Please use this identifier to cite or link to this item: http://bura.brunel.ac.uk/handle/2438/7363
Title: Stability of dams constructed on problematic substrates
Authors: Salih, Nihad Bahaaldeen
Advisors: Collins, P
Kershaw, S
Keywords: Gypsum rock;Gypseous soil;Short-term loading;Long-term loading;Dissolution
Issue Date: 2013
Publisher: Brunel University School of Engineering and Design PhD Theses
Abstract: Dissolution of soluble substrates such as gypsum presents a major hazard to dams in many parts of the world. This research simulates hypothesised conditions beneath the Mosul Dam, northwest Iraq, where collapse of a karstic system associated with continuous fresh water supply from its massive reservoir water is a recognised problem. The gypsum substrates at Mosul Dam vary in purity and thickness. Experimental work used gypsum rocks and gypseous soils. Gypsum rocks from northern Iraq and similar rocks from Bantycock gypsum mine, UK, were analysed for short-term mechanical response following immersion (5 to 50 weeks) and long-term loading during immersion (maximum 50 weeks). New experimental devices were developed from a conventional oedometer. Cylinder samples (NX, standard diamond drill core size = 54mm diameter, length/diameter ratio equal to 2.5) provided a proxy for massive gypsum strata, while thin samples (NX = 54mm in diameter, 20mm thickness) represented thin layers and lenses. Rectangular bar samples (240 x 40 x 20 mm and 140 x 40 x 20 mm) were tested for short-and long-term mechanical four-point bending behaviour. Samples were permanently submerged at a variety of water pressures, with the influence of groundwater recharge and flow on dissolution simulated by regular changes of water. Stress on each sample was progressively increased to a maximum of 2688 kPa. Small increases in strain were recorded by the end of each test but no failures occurred within 60 days of tests. However, notable failure due to water pressure and axial stress over long time periods of 166 and 238 days occurred. Visible physical changes were observed, notably a decrease in sample mass and volume. Similar change was recorded in ultrasonic velocities. These indicate that gypsum collapse risk beneath dams requires prolonged exposure to dissolution. Gypseous soils from Iraq and similar artificially-prepared soils were also tested. Gypseous soil samples (diameter = 50mm and length = 20mm) and box model strata results showed that gypseous soils are significantly weakened by dissolution over 15 weeks and 50 weeks respectively. Dams built on gypsum substrates are likely to experience ongoing weakening of their foundations, with a progressively increasing risk of failure. This is expected to be enhanced for dams with a large and deep reservoir that induces high ground water pressure.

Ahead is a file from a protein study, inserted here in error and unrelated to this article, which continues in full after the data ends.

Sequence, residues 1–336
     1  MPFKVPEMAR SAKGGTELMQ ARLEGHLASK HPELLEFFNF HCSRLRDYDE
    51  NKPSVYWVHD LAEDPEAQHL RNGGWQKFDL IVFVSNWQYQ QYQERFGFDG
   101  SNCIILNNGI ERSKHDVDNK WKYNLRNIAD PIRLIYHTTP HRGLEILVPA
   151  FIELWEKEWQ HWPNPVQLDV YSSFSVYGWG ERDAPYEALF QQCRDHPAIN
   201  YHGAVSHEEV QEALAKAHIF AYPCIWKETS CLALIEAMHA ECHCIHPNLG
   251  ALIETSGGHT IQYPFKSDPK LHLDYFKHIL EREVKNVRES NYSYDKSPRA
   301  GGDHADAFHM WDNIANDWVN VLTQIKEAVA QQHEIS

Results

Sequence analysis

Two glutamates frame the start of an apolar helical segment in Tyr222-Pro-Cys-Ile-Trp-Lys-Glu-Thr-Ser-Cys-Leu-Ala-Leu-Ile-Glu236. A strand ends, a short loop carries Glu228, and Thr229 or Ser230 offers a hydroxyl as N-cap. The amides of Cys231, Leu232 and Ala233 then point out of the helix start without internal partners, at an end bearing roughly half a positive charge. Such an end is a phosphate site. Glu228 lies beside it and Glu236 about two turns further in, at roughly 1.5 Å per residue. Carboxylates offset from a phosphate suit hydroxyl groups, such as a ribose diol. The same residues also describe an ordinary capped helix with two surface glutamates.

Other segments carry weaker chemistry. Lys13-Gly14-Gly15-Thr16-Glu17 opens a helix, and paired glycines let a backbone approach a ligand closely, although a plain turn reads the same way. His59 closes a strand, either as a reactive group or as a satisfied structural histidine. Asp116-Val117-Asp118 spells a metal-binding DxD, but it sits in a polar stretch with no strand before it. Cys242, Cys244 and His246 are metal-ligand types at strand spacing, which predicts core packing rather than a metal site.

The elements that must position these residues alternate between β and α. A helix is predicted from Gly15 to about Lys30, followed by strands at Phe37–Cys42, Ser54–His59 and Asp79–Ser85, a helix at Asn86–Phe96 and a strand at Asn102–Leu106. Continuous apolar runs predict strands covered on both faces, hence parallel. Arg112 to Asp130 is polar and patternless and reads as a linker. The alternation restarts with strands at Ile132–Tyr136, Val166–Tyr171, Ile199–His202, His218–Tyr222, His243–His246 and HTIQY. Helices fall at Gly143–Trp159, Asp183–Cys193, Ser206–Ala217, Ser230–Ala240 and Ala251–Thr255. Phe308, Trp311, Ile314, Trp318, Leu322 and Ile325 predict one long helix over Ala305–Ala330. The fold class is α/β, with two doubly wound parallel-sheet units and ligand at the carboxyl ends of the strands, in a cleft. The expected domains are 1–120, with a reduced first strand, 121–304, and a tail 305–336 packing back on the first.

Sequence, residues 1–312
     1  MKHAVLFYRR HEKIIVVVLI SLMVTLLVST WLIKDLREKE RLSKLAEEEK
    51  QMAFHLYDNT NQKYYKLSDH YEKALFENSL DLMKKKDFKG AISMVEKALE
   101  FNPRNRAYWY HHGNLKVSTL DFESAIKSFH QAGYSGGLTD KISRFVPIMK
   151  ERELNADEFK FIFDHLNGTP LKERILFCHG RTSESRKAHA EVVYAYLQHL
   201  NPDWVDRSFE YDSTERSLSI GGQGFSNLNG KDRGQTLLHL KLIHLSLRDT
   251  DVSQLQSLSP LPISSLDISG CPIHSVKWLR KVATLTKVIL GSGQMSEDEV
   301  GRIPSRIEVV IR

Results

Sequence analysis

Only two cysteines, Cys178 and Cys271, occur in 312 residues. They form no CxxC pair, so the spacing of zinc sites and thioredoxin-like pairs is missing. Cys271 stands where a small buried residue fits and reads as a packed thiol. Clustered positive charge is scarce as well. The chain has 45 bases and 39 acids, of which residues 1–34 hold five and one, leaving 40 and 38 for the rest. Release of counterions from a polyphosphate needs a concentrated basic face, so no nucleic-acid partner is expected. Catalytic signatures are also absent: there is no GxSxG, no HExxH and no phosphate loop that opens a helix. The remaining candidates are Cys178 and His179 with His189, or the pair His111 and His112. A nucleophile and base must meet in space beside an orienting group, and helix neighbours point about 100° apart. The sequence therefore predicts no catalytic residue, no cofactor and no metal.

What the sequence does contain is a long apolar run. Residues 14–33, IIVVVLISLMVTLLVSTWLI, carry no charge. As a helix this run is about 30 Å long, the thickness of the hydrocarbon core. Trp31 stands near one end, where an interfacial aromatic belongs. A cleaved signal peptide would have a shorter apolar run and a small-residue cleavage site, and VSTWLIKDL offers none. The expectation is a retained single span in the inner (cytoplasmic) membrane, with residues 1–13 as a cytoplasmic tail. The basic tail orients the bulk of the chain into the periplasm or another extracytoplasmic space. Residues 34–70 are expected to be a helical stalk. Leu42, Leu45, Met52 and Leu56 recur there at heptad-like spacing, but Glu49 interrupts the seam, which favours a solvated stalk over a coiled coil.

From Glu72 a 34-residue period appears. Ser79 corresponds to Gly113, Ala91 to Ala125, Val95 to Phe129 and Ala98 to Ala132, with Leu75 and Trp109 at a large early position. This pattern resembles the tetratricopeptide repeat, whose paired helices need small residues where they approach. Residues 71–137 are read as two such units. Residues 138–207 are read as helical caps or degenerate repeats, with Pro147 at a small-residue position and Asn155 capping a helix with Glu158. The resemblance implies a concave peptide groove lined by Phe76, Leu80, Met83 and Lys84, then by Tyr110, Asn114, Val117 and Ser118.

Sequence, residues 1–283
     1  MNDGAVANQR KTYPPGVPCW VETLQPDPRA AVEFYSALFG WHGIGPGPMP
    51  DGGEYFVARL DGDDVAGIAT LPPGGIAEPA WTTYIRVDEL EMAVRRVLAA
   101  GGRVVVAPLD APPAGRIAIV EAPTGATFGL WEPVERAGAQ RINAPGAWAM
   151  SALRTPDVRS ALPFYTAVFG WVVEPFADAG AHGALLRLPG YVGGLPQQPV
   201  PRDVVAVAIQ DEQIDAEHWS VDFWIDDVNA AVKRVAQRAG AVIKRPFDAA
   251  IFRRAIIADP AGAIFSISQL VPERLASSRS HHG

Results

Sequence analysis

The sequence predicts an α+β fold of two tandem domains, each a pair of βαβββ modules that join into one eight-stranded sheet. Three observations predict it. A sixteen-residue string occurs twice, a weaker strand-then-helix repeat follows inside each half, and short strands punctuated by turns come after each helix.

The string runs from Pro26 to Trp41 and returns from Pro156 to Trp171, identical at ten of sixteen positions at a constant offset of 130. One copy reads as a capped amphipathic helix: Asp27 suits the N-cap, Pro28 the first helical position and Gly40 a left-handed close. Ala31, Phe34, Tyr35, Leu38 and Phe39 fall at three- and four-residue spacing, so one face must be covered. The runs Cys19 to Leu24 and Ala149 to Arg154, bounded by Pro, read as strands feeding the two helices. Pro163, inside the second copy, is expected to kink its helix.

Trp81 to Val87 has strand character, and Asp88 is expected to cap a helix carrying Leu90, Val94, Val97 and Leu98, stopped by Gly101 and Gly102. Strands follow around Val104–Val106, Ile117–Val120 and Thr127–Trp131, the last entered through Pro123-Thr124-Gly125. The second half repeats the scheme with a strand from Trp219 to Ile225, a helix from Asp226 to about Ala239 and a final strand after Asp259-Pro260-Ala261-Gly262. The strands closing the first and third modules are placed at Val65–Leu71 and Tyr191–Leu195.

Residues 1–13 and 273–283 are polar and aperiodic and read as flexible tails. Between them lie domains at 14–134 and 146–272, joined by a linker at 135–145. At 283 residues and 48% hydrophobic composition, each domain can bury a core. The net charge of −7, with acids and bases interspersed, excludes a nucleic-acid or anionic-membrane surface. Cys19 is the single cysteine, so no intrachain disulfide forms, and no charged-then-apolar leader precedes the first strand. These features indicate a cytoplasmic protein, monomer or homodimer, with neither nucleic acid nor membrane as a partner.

Description: This thesis was submitted for the degree of Doctor of Philosophy and awarded by Brunel University.
URI: http://bura.brunel.ac.uk/handle/2438/7363
Appears in Collections:Civil Engineering
Dept of Mechanical Aerospace and Civil Engineering Theses

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